Against the Stream:
Progressive Christianity between Pulpit and Pew
Author: Rex A E Hunt
Publisher: Morning Star Publishing
By Dr Noel Preston
Aptly titled, Against the Stream: Progressive Christianity between Pulpit and Pew, this collection (to cite the back cover blurb) “is an important resource for those seeking a relevant faith beyond creed, set answers, and conservative neo-orthodoxy, which have shackled the church ever since the 1970s.”
In fact its centre-piece is a collection of twenty-six sermons delivered between 2002 and 2012 mainly at The Church of St James, Canberra, during his last placement as a Uniting Church minister before retiring. An extended essay on the characteristics of progressive Christianity, especially in the Australian context, precedes these homilies.
Against the Stream is significant because its author is a prominent organiser within the so called grassroots movement of progressive Christianity, the 'church alumni', as Bishop Spong describes them. Rex Hunt was the Founding Director of “The Centre for Progressive Religious Thought” in Canberra, initiated and chaired the Common Dreams national conferences (2007 and 2010) and the forthcoming Common Dreams 3 conference (September 2013). As an Associate of the Westar Institute he has also been a major Australian conduit to leading progressive New Testament scholars in North America, such as Robert Funk, Marcus Borg and John Dominic Crossan.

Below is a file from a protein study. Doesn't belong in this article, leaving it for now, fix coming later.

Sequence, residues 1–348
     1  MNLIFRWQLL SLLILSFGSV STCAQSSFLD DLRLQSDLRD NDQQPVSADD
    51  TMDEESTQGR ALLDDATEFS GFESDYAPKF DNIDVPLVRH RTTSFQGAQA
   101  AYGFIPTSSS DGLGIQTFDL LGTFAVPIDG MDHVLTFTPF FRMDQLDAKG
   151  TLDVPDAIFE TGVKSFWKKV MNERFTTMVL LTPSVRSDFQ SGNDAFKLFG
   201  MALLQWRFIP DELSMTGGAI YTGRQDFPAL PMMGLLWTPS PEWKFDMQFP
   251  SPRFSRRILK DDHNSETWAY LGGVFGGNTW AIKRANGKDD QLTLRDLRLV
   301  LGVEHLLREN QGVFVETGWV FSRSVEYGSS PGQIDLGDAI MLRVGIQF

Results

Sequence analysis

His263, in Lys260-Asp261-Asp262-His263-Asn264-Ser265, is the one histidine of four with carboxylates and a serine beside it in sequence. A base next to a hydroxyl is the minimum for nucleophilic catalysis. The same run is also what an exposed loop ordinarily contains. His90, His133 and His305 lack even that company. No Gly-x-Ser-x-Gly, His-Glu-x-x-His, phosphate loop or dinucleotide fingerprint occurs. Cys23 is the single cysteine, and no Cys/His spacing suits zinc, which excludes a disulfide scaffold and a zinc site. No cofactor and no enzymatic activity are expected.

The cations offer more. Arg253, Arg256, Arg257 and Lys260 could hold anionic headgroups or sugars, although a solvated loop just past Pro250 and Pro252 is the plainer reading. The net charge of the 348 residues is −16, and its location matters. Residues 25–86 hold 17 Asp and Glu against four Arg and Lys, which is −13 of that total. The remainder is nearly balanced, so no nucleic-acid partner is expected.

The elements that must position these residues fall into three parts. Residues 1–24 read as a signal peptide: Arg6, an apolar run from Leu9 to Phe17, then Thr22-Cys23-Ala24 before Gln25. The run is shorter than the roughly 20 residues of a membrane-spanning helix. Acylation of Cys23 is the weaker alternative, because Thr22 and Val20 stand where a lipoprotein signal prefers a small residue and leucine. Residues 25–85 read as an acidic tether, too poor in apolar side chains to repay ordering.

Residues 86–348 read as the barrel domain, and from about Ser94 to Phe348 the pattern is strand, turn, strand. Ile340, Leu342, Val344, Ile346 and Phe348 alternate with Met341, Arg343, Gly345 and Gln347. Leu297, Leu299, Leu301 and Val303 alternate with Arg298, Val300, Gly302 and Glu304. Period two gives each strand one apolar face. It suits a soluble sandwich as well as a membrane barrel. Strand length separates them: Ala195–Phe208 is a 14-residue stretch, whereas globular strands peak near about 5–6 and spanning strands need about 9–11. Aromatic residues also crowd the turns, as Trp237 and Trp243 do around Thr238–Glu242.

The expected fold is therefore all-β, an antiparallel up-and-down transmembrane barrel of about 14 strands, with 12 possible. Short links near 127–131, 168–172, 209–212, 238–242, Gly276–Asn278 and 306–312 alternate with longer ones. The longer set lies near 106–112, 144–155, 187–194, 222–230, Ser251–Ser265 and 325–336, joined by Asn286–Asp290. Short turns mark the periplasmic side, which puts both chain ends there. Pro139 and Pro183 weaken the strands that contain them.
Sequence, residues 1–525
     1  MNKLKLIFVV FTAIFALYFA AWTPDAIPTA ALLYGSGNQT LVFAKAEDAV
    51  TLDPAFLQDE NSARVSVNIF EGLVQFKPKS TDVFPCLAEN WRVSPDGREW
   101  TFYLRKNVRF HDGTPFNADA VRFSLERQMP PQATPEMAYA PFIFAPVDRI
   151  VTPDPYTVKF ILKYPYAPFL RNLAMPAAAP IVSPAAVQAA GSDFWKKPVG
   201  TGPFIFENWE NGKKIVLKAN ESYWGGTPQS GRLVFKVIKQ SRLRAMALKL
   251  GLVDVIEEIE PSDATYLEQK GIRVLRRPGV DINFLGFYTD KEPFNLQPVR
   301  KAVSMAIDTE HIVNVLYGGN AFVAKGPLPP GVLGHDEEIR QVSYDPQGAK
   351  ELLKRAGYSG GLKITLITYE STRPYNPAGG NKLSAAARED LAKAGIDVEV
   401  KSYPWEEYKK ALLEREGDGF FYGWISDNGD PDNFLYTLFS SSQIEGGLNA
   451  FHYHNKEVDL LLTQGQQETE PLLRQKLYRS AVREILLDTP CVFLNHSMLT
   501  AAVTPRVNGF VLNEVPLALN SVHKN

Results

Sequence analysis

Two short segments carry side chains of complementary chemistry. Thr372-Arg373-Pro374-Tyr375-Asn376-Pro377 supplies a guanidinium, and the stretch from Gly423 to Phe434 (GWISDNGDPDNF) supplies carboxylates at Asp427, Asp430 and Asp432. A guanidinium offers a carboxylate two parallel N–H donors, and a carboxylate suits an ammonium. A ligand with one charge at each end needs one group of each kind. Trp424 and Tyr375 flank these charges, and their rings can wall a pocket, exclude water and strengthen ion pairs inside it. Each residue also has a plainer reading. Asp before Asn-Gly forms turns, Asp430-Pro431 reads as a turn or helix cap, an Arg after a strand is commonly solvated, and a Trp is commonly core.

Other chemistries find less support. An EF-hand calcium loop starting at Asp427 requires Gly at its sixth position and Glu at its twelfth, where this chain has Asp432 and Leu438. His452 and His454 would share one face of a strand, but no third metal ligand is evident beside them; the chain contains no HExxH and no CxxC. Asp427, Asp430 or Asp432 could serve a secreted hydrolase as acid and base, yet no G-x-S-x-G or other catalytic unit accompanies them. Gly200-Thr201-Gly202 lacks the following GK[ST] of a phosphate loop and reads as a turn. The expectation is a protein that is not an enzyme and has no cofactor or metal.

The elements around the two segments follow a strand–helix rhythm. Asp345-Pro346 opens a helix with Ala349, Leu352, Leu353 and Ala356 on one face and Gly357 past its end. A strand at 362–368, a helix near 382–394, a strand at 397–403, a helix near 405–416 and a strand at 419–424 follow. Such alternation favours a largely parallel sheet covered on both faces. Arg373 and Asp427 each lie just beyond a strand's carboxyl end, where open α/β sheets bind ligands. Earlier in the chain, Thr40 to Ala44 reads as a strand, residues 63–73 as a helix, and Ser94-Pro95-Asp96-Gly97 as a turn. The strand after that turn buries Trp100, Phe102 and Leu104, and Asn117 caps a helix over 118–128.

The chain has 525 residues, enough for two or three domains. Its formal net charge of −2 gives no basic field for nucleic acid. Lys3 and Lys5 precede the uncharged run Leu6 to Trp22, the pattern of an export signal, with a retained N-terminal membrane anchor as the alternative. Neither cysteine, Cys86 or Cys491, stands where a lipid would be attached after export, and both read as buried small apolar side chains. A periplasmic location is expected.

The sermons follow the seasons of the Christian Calendar and are mostly expositions of the lectionary Gospel of the day. Rex Hunt declares himself more an editor than an original thinker; as a consequence, the sermonettes (for brevity is one of their characteristics) contain rich quotations from sources which, altogether, represent a wonderful anthology for the inquiring and thinking pew sitter.
Even more significant to this reviewer is that this book comes from a practising pastor, a teacher/preacher with a Sunday by Sunday commitment within a congregation – a fact which adds authenticity and integrity to the text.
Clearly evident is the preacher's passion for the good news of the Jewish rabbi, Jesus/ Yeshua, the one hidden in the oral tradition which precedes early Christian documents. Exemplifying this passion, the conclusion of his 2011 Good Friday sermon reads: “Traditional theology has taught us: 'Jesus died so that we might live'. It suggests the torture and murder lamented this Friday is 'good'. Progressive theology teaches: Christians who ground their power in divine love mourn on Friday, keep vigil until dawn on Sunday, and say with joy, Jesus lived so that all creation might live (p.96)”.
Apart from giving clues to those dedicated to preparing sermons grounded in scholarship and relevance to the 21st century, Against the Stream also works well for the individual who wishes to nourish their faith with thoughtful reflections.